The new interest in the Jewish Brno and looking for the forgotten history of the city.
The functionalist building of Café Placzek was built by Artur Eisler for Jakub Rosenberg, a textile merchant, and his wife Rudolfina on the site of an older Baroque building in the centre of the medieval old town. The long-neglected building was renovated in 2013, and its owners opened one of the most beautiful cafés in Brno on the ground floor. To honour their ancestors, they named it Café Placzek to commemorate the name of an important Jewish family, whose significance at the beginning of the 20th century far exceeded the boundaries of the city of Brno. The family members included Baruch Placzek, a long-time rabbi and amateur naturalist; his son Alfred, an owner of a prosperous textile factory; and his son Georg, a mathematician and physicist, whose scientific work ranked him alongside the greatest visionaries of the 20th century.
Baruch Jakob Placzek
Georg Placzek. Memorial plaque in Náměstí Svobody (Freedom Square) in Brno. Photo © VRN
The name of Café Placzek, however, does not commemorate only one of the hundreds of lost Jewish families. It is a symbol of the gradual search for the forgotten history of the city, a history in which more and more people are interested. And they are not interested only in the Jews and the Holocaust, but also in uncovering the past related to the history of the Germans from Brno, which has not been part of the official history of the city for decades. After many years, Brno finally has its own memorial to the victims of the Holocaust, although it was not erected where it should actually be – on the site of the burnt-down synagogue or Café Esplanade where violence against the Jews was committed by the Czechs.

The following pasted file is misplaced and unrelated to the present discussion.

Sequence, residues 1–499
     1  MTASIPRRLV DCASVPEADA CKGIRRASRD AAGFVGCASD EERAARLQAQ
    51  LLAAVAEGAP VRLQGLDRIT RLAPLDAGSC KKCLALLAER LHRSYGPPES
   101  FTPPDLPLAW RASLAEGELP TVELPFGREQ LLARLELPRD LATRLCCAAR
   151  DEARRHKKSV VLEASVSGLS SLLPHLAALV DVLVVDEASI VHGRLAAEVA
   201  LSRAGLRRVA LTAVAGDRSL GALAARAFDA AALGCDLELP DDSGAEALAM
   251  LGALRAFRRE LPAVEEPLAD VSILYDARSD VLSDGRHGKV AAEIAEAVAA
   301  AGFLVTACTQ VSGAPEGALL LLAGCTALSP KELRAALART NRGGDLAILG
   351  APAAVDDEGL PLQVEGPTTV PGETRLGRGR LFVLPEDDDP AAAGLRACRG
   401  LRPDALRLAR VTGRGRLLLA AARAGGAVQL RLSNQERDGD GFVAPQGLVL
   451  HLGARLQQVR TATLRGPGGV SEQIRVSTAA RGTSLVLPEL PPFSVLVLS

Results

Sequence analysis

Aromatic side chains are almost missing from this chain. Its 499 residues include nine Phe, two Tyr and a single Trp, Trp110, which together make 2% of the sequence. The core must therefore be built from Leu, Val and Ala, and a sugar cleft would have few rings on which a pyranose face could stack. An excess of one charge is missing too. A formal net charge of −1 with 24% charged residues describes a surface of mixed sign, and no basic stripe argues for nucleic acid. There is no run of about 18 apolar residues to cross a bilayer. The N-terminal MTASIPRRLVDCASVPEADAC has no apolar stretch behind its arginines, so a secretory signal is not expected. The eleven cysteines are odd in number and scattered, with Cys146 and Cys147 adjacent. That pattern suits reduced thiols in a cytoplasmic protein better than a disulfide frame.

Stolpersteine in Orlí Street in the city centre. Photo © VRN
Each year, the number of Stolpersteine (literally, stumbling stones: subtle brass plates placed in the sidewalk in front of houses to honour murdered Jews by their relatives, acquaintances, or simply those who are not indifferent to the fate of the former inhabitants) increases. The Kehilla plays an important role in presenting the city history as well – organizing lectures and courses in traditional dances or kosher dinners. We also have to appreciate the merits of Jaroslav Klenovský, a Brno architect and an expert on Jewish Moravia, who has been studying and writing about the history of the Jewish community in Brno since the 1980s. History walks related to the Holocaust, a revived interest in functionalist buildings and their owners and designers, and new publications – all this gives us hope that the long-neglected topics are now provoking a completely new response. After many years, Brno, once a home for the Czechs, Germans, and Jews, is becoming a city that has started to remember its famous and tragic past.